Radiotherapy before surgery can reduce the size of some rectal cancers making it possible to remove the tumor without harming the sphincter muscle that closes the rectum and controls bowel movements. When surgeons are able to preserve the sphincter, rectal cancer patients can avoid permanent colostomies. Being able to predict which patients will respond to radiation therapy would help doctors to select those who would benefit most from presurgical treatment.
Researchers at McGill University have found that [levels of VEGF expression](http://www3.interscience.wiley.com/cgi-bin/abstract/112102167/ABSTRACT) are a useful way of predicting whether or not radiotherapy before surgery will reduce rectal tumors. VEGF — vascular endothelial growth factor — is a protein produced by cells, including cancer cells, that encourages the development of nearby blood vessels.
They measured levels of VEGF expression in 59 rectal tumor biopsies taken before radiation treatment. The studied samples were either from tumors that had completely responded to radiation therapy and where cancer was no longer evident to either surgeons or pathologists (CR — complete response) or from tumors that did not shrink during radiation treatment (NR — nonresponsive).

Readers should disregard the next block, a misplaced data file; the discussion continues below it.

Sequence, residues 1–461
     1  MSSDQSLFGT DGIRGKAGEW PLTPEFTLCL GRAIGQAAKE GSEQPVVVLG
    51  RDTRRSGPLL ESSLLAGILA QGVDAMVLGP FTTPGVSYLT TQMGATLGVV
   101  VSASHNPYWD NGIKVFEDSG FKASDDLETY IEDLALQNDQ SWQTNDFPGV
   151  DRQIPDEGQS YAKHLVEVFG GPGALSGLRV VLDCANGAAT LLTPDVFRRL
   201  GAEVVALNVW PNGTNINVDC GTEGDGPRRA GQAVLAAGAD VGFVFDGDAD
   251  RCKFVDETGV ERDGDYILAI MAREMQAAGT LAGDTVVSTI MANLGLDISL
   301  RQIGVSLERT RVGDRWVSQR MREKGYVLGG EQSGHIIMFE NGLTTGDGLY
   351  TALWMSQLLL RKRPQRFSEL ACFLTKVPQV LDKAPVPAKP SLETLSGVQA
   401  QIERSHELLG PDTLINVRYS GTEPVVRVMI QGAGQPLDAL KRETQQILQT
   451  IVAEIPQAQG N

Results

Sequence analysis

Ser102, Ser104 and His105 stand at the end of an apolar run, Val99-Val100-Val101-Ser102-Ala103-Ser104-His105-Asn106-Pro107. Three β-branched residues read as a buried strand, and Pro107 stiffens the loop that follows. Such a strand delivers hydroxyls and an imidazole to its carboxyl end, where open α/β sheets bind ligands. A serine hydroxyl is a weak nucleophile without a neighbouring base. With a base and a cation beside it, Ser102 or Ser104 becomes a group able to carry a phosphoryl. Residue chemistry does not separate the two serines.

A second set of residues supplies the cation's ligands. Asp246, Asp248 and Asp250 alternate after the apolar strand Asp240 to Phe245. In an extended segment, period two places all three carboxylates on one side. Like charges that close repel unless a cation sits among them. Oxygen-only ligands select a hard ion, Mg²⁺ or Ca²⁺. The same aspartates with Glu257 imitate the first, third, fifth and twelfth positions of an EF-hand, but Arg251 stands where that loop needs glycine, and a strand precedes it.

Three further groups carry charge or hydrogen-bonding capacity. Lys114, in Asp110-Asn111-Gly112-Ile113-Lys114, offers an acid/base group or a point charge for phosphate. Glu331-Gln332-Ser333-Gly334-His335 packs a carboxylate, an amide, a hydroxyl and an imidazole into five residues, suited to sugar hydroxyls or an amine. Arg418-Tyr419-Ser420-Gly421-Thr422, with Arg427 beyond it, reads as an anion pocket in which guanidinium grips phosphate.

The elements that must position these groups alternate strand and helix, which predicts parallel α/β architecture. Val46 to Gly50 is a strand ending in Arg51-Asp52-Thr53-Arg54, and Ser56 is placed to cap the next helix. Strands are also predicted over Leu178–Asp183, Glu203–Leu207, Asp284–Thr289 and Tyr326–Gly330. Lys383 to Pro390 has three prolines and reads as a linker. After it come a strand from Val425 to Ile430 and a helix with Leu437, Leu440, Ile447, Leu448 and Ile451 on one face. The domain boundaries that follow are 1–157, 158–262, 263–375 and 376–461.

The average VEGF expression in nonresponsive tumors was significantly higher than that of tumors that responded completely to presurgical radiation. Over half of nonresponsive tumors had VEGF levels of 80% of greater. On the other hand, half of complete responders had VEGF levels of less than 10%. Eleven tumors had no reactivity to VEGF at all (0%) and all had responded completely to radiotherapy.
Inti Zlobec, M.Sc. and colleagues in the Department of Pathology at McGill University in Montreal reported the results of their research in the [early online edition of Cancer](http://www3.interscience.wiley.com/cgi-bin/abstract/112102167/ABSTRACT) on October 12, 2005. They wrote,
The results of this study indicate that VEGF assessed immunohistochemically from preirradiation tumor biopsies may be a useful marker of rectal tumor response to preoperative radiotherapy.